Hydrostatic pressure creates a lot of lateral force on your foundation, especially during heavy rains and areas with poor drainage. When the pressure gets too large, your foundation fractures, bows, and/or shifts, weakening the load capacity. Matters are made even worse in the winter when the groundwater freezes. Soil can also be a cause. When soil absorbs too much water, it can apply pressure against the walls which leads to cracks as well. When the ground is too dry it can also affect your foundation. Extremely dry dirt is brittle and provides very little support of your foundation, causing it to move, settle and crack. These issues are severe and should be taken seriously, as they weaken the structural integrity of your home. Trying to find permanent basement waterproofing in Chicago, IL for your home or building? Specializing in waterproofing and foundation repair, Everdry Illinois offers the best solutions for your unique situation at a competitive quote. We are so confident in our work in the Chicago area that we will even give you a Lifetime Guarantee on most of our services! Contact Everdry Illinois when you think your foundation might have issues and we will send a professional to analyze your specific situation and create a tailored strategy. Everdry Illinois is an expert basement waterproofing, foundation repair and crawl space waterproofing company that can help you with basement leaks and flooding with our waterproofing services.
Facts About West Chicago, IL
Erastus Gary, of Pomfret, Connecticut homesteaded 760 acres (310 ha) on the banks of the DuPage River, just south of West Chicago’s present day city limits in the 1830s. His son became “Judge” Elbert Henry Gary, the first CEO of America’s first billion-dollar corporation, U.S. Steel, and for whom Gary, Indiana, is named. Gary also helped bring brothers Jesse and Warren Wheaton, founders of nearby Wheaton, Illinois, the DuPage County seat, from Connecticut to the Midwest. A pioneer cemetery on the old Gary Homestead, where a sawmill had been built by the Garys, just north of Gary’s Mill Road, and north of its terminus at Illinois Route 59, was built over with apartment buildings in the 1960s.
In 1849, the Galena and Chicago Union Railroad (predecessor of the C&NW) reached the site of present-day West Chicago, then continued northwest to Elgin. In 1850, the Aurora Branch Railroad (predecessor of the CB&Q) built southwest, making America’s first railroad junction point west of Chicago. In 1854, the G&CURR opened the “Dixon Air Line” branch West thru Geneva.
Because of the number of trains passing through town, water and fuel facilities for locomotives and a roundhouse were built here, as well as an early eating-house and hotel for travelers. As a result, a number of new employees and their families located to this community. The original settlers were primarily English and Irish, with Germans arriving in the 1860s and Mexican immigrants by the 1910s. John B. Turner, president of the G&CU and a resident of Chicago, owned several acres of land in what is now the center of town. As more people settled in Junction, Turner recognized the chance to make a profit by platting his land and selling off lots. He therefore recorded the community’s first plat in 1855 under the name of Town of Junction.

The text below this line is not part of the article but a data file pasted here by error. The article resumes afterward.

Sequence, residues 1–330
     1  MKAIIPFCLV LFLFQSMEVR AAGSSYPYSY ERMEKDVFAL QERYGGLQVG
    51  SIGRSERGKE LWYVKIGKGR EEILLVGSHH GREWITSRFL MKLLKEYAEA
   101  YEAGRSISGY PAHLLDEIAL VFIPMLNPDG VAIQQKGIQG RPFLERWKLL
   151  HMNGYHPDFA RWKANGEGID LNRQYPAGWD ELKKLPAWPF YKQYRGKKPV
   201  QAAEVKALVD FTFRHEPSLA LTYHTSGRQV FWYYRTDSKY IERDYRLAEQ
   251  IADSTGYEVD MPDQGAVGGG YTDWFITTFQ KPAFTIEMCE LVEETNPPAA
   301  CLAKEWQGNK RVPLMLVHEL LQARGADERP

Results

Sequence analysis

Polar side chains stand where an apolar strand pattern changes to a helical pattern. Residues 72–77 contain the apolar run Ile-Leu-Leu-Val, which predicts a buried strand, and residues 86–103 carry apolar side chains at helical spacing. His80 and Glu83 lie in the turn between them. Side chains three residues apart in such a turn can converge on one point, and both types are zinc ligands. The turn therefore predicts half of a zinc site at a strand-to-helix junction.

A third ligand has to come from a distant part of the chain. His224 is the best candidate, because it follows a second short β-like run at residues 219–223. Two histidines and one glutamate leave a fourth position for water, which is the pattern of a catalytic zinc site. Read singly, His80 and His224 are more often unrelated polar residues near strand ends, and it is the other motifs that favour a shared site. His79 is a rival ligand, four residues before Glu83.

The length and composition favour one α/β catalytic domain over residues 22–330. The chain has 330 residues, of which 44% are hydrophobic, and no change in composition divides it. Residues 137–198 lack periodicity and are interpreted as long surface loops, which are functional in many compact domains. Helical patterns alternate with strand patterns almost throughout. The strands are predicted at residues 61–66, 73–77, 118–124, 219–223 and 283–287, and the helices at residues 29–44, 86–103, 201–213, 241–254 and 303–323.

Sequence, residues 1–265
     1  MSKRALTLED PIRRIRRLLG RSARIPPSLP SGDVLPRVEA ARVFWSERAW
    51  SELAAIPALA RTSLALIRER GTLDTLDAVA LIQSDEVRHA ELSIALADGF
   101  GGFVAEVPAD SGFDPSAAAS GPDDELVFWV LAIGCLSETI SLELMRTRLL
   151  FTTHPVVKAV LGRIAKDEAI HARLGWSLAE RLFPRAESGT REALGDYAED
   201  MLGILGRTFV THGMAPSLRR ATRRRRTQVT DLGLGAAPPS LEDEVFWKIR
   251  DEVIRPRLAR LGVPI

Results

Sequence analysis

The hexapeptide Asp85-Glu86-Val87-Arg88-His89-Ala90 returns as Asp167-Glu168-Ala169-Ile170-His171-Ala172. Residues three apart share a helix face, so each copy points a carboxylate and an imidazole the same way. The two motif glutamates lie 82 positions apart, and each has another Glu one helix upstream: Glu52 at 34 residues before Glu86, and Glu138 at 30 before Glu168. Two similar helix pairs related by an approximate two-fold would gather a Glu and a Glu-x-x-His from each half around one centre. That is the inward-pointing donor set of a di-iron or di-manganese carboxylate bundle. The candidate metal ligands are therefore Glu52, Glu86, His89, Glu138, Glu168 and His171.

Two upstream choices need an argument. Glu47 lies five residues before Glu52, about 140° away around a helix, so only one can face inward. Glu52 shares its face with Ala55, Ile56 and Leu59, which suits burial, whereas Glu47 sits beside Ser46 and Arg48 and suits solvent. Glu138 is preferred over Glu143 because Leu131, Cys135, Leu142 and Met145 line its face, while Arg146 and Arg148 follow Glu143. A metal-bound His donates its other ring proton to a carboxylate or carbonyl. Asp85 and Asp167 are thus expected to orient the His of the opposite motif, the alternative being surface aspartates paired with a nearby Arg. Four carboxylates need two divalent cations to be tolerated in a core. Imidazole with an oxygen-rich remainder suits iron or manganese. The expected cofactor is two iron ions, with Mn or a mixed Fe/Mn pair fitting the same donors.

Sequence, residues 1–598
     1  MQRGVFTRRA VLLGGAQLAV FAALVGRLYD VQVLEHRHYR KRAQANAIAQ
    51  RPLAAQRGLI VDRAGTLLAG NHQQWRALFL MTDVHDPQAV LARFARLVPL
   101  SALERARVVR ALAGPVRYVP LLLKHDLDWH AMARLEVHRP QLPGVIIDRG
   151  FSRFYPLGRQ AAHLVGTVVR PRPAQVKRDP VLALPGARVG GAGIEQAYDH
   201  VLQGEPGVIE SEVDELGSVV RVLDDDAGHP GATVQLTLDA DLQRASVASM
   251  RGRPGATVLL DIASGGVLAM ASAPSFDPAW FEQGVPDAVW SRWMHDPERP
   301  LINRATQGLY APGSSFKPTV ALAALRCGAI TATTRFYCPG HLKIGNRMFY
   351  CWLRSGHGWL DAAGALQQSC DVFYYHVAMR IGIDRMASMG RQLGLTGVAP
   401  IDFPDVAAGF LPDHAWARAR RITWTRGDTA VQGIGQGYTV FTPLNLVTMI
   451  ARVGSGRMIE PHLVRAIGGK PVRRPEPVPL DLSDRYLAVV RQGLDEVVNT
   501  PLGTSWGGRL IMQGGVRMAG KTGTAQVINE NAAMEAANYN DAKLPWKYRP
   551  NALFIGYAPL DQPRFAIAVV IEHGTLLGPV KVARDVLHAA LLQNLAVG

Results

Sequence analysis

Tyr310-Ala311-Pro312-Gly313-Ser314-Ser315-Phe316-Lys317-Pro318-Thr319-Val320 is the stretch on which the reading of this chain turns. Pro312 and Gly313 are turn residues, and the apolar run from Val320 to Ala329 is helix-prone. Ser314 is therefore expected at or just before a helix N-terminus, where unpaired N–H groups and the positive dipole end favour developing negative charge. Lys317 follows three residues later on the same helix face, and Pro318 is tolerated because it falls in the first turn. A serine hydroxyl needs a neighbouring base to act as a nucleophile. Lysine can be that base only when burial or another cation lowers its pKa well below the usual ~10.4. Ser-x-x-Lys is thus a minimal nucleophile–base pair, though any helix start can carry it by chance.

The community continued its growth, although the one-room schoolhouse built a mile outside town in 1835 would become the state’s last surviving one-room schoolhouse when it closed in 1991. Meanwhile, in 1857, Dr. Joseph McConnell and his wife Mary platted a second portion of town just north of John B. Turner’s plat. They recorded their plat as the Town of Turner in honor of the railroad president. These two “towns” became informally known as Turner Junction.
By 1873, the community had taken on a substantial and permanent character, so the residents incorporated as the Village of Turner. In 1888, a new railroad, the Elgin, Joliet & Eastern, built a freight line through town. It offered free factory sites for any industry willing to locate along its right-of-way. As part of the effort to attract industry, the community changed its name in 1896 to the Village of West Chicago. Area businessmen, particularly Charles Bolles, reasoned that the new name sounded more cosmopolitan, and would help draw prospective factory owners.
As industry located in West Chicago and new jobs opened up, the population increased. At the turn of the century, West Chicago was number two in population in DuPage County, behind Hinsdale. By 1910, the population was 2,378 and several new industries had located here, including the Borden’s milk condensing plant, the Turner Cabinet Company and the Turner Brick Company. The community continues to attract quality business and residential development that contributes to the culturally diverse community that exists today.
In 1909, one more railroad came to West Chicago. The Chicago, Wheaton and Western Railway, a lightly built interurban electric railway, came in from the east, running down the middle of Junction and Depot (now both Main) streets, then curved back west toward Geneva. Soon bought by the Chicago Aurora and Elgin Railroad, the “country trolley” was lightly used, and abandoned in 1937. The right of way is now the Geneva Spur of the Illinois Prairie Path.
In the 1980s and 1990s, the city received a nuclear-waste contamination scare. Harmful waste from the Rare Earths Facility had been spread around the community since the 1930s, when the Lindsay Light and Chemical Company built a plant. Reed-Keppler Park was built on top of a landfill that had received some waste from the plant. Kerr-McGee, which had bought the facility in 1967 and operated it until 1973, settled with the city, and cleaned up the waste.
Downers Grove, IL 60515